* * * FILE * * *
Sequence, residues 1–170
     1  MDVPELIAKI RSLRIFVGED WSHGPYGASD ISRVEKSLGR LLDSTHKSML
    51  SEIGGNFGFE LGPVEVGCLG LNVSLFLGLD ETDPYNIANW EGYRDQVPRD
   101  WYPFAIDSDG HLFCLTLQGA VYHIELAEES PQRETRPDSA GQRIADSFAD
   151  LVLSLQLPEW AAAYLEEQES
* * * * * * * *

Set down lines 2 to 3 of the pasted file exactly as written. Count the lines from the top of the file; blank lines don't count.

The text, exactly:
     1  MDVPELIAKI RSLRIFVGED WSHGPYGASD ISRVEKSLGR LLDSTHKSML
    51  SEIGGNFGFE LGPVEVGCLG LNVSLFLGLD ETDPYNIANW EGYRDQVPRD